Home » Investment

Going crazy over investment losses

Written By: Tiang Chuan on June 20, 2009 3 Comments

The ongoing legal tussle between tycoon Oei Hong Leong and Citibank was reported in the Prime News section in today’s edition of The Straits Times. Such lawsuits have been reported in the past and more such lawsuits can be expected after the market meltdown, according to The Straits Times.

From our conversations with High Networth Individuals (HWI) with accounts in private banks, unlike Mr Oei who is a savvy investor, many of them don’t have the faintest idea on what they are buying into. Scores of HWI investors have been burned badly in this crisis, many of them suffering far worse losses then retail investors. The reason was leverage.

Loans was offered to the clients for them to increase their investments. For the banks, they earn more through the interest on the loans and the fees incurred in the underlying products while the client holds the risk of both the investment and the additional loan. In a booming market, this would work out fine as the investor would ‘earn more’ (alot of the potential returns may have been taken up by the fees). In a crisis, the investor would lose both on the initial capital and the additional loads.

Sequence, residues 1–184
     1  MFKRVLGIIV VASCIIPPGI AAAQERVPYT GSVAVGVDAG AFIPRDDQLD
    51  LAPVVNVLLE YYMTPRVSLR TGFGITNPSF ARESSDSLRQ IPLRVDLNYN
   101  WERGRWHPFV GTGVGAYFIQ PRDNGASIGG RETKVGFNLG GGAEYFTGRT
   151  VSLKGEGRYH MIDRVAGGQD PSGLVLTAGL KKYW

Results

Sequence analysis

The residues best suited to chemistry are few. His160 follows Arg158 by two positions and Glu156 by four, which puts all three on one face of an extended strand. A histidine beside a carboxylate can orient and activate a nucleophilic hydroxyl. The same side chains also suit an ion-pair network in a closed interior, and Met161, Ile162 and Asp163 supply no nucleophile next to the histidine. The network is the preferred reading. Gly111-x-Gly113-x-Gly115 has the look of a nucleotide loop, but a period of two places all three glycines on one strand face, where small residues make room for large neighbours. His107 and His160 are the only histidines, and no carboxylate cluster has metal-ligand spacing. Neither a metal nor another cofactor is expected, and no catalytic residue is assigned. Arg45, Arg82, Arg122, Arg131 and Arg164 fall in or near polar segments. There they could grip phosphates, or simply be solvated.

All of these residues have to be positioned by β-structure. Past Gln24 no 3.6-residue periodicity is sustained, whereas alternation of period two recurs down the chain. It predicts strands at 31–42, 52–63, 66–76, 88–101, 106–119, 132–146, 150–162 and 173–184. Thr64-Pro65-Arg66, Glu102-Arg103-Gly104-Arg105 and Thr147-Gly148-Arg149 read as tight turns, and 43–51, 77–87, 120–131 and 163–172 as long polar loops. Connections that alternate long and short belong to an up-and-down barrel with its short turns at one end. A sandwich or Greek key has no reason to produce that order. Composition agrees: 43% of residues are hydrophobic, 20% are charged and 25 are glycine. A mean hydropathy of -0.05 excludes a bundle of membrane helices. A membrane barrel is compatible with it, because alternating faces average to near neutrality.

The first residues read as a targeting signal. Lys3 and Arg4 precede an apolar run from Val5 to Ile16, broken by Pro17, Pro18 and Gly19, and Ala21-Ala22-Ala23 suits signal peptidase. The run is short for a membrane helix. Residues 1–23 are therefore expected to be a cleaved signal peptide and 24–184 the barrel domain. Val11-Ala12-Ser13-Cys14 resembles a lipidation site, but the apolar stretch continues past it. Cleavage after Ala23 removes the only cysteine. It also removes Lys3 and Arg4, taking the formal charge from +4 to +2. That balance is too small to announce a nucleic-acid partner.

Some of these HWI have lost a majority of their retirement funds and some have even have developed psychological problems due to the magnitude of the loses. Unlike the high profile case like Mr Oei’s, we may never see such reports in the papers.

For some, they may never see the kind of assets they once have. However,something must still be done to rectify the problems and avoid further losses.

Tags: , ,

Digg this!Add to del.icio.us!Stumble this!Add to Techorati!Share on Facebook!Seed Newsvine!Reddit!

3 Responses to “Going crazy over investment losses”

  1. howard tan says on: 25 July 2009 at 4:17 PM

    please read this :::http://news.wenxuecity.com/messages/200907/news-gb2312-892520.html…many people obviously had been cheated in china and hongkong..singapore cases are small cases?

  2. admin says on: 26 July 2009 at 1:24 PM

    Hi Howard,

    The article you provided was mainly on the issue of Accumulators (aka ‘I kill u later’). I’ve written a post on how Share Accumulators work:
    http://www.ifa-sg.com/how-does-a-share-accumulator-structured-product-work/

    Hong Kong serves as a financial hub for Northern Asia while Singapore serves the Southeast Asian region. Thus, there are ‘cross border’ cases. Reports of regional clients suing their private bank appear once in a while.

    There have not been much news on Accumulators in Singapore. The Lehman Brothers linked structured products have been the main issues here.

Leave a Reply:

XHTML: You can use these tags: <a href="" title=""> <abbr title=""> <acronym title=""> <b> <blockquote cite=""> <cite> <code> <del datetime=""> <em> <i> <q cite=""> <strike> <strong>

Copyright © 2009 - 2012 Financial Planning Central, All rights reserved.